Hearing Wrap-Up: General Breedlove on Russia and European Security

March 3, 2016

Air Force General Philip Breedlove, the head of U.S. and NATO forces in Europe, returned to Washington to testify before the House and Senate Armed Services Committees.  In both the U.S. European Command (EUCOM) posture statement and in response to lawmakers’ questions, General Breedlove delivered a frank assessment of Russia’s threat to international security and the need for significant improvements in America’s preparedness to face that challenge.

The Foreign Policy Initiative hopes that the following quotations will be helpful for policymakers, lawmakers, and the general public understand the instability in Europe and the vital role of American leadership in addressing it.


America’s Interests in Europe

“I cannot emphasize enough the somber reality that Europe will remain central to our national security interests.  From having fought two world wars in part on European soil to the current instability in the east and south of Europe, our nation must remain indisputably invested in a region that is inexorably tied to our own freedom, security and economic prosperity.” (Posture Statement)

Russian Revanchism

“Russia does not want to challenge the agreed rules of the international order. It wants to rewrite them.” (House Armed Services Committee)

“Russia poses an existential threat to the United States, and to the NATO alliance as a whole.” (Posture Statement)

“Russia does not share common security objectives with the West. Instead, it continues to view the United States and NATO as a threat to its own security.  (Posture Statement)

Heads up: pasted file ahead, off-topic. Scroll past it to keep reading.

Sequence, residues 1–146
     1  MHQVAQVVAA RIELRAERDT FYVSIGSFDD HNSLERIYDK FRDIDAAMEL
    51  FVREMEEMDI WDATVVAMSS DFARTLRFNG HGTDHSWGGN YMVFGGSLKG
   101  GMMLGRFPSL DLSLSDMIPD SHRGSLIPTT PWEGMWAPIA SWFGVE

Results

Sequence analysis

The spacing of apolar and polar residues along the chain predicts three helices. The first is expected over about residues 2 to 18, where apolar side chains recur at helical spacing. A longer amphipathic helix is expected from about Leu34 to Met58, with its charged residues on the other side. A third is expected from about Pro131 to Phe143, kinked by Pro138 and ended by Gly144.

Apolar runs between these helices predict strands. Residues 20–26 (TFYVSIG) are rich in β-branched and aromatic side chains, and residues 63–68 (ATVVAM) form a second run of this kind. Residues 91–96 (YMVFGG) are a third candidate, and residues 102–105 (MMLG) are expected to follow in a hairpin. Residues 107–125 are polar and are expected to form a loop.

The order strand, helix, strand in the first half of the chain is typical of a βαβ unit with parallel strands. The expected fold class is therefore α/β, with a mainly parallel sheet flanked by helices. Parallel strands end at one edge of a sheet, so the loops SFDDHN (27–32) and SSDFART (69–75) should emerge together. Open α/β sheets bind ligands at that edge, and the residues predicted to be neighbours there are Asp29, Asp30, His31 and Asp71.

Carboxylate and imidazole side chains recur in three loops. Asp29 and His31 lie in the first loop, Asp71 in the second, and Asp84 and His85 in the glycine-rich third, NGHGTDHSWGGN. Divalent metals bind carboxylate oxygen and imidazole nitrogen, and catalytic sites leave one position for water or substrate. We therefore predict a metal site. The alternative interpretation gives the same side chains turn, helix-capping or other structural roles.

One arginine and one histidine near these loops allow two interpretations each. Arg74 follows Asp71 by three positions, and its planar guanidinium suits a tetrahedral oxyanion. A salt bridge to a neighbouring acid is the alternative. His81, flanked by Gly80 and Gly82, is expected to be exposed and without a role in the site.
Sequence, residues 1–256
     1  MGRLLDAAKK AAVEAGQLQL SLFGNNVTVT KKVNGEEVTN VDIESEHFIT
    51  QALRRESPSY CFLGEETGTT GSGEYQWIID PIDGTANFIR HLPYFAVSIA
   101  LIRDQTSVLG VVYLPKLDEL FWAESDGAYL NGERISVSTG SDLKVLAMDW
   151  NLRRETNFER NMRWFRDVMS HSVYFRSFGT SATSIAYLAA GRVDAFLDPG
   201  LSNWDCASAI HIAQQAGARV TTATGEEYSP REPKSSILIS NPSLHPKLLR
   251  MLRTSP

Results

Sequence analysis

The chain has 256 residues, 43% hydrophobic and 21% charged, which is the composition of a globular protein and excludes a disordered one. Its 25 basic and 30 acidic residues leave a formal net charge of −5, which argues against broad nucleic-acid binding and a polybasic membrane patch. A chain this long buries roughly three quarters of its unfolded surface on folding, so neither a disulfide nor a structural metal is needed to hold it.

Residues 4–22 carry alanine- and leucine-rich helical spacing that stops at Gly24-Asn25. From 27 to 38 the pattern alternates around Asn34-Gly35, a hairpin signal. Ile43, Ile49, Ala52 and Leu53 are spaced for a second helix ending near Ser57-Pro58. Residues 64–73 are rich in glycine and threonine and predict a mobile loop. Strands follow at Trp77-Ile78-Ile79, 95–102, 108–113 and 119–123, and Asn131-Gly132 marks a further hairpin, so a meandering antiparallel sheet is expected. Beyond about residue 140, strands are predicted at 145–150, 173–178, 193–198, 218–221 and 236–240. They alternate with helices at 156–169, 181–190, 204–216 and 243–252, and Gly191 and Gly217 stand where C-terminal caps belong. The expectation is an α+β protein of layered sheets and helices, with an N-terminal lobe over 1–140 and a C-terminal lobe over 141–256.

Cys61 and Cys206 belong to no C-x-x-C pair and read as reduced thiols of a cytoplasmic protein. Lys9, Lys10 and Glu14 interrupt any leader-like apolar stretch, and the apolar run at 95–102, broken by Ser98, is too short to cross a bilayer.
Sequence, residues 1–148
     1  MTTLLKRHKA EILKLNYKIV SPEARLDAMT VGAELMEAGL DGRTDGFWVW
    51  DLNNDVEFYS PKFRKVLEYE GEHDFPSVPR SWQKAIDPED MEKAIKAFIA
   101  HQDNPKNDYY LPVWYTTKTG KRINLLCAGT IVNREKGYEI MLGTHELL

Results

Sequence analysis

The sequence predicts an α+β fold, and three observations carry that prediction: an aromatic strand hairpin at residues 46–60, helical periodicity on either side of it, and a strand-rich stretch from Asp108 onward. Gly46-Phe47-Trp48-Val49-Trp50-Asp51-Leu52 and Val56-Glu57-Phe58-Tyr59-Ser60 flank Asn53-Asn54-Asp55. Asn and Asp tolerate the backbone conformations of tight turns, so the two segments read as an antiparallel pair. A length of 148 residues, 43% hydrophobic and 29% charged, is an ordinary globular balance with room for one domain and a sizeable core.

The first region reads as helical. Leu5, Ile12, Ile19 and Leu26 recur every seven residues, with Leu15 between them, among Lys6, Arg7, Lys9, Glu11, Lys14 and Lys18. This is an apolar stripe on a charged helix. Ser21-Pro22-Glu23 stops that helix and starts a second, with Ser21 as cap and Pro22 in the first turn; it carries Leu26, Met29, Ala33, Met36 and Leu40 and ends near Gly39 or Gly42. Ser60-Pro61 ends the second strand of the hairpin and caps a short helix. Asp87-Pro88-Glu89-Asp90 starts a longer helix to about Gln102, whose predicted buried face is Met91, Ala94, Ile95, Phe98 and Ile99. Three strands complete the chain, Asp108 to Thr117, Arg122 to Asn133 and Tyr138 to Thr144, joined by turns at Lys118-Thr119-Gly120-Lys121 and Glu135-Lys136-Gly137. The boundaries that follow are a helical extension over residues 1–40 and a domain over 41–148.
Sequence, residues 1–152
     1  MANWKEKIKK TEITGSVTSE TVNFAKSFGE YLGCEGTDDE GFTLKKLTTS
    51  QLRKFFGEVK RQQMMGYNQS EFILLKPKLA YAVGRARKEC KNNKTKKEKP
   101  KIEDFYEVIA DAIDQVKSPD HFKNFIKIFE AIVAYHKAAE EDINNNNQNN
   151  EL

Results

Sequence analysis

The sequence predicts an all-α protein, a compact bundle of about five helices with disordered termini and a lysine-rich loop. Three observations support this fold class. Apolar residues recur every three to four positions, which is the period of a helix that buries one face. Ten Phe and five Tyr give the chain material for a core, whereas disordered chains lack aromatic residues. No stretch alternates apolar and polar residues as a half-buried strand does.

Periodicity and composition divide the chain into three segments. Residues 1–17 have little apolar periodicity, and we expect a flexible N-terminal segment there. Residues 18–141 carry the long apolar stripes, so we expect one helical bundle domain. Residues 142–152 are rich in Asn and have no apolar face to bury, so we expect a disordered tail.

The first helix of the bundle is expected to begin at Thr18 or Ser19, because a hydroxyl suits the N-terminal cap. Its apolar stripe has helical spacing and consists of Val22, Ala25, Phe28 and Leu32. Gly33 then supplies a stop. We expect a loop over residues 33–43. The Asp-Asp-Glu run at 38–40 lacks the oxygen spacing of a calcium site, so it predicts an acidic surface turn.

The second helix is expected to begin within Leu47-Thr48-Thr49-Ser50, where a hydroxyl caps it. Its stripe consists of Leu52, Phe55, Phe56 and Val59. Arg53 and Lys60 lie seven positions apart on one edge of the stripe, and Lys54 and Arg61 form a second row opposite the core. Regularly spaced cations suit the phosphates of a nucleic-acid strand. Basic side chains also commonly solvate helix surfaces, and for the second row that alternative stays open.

“Russia continues its long-term military modernization efforts, and its recent actions in Ukraine and Syria demonstrate an alarming increase in expeditionary force projection and combat capability and logistical sustainment capacity.  Russia has spent the past 20 years analyzing U.S. military operations and has established a doctrine and force to effectively counter perceived U.S. and NATO strengths.” (Posture Statement)

Russia’s Actions in Ukraine

“The cease fire in eastern Ukraine remains tenuous at best, and Russia continues its destabilizing activities in direct contravention of the Minsk agreements.” (Posture Statement)

“We must not allow Russian actions in Syria to serve as a strategic distraction that leads the international community to give tacit acceptance to the situation in Ukraine as the ‘new normal’.” (Posture Statement)

“Russia continues its aggression in eastern Ukraine by providing personnel, equipment, training, and command and control to combined Russian-separatist forces.” (Posture Statement)

“We have recently seen an increase in the level of violence along the line of contact in the Donbass, as well as a number of diplomatic, economic and propaganda efforts to keep Ukraine from moving closer to the West.” (Senate Armed Services Committee)

“The current leaders of Ukraine were elected in a reform environment and their own people expect reform as a part of their performance. … [But] It’s really hard to do major change in your government when your nation is in the field fighting for its existence.” (Senate Armed Services Committee)

The Threat to Eastern Europe and Beyond

“Describing the prolonged conflicts in states around the Russian periphery as ‘frozen’ belies the fact that these are on-going and deadly affairs often manufactured by Russia to provide pretext for military intervention.” (Posture Statement)

“Kremlin efforts to establish levers of influence in the Baltics across the diplomatic, economic, information, and security spectrum are meant to develop an environment favorable to Moscow and present an ongoing challenge to Western efforts aimed at assuring these NATO Allies.” (Posture Statement)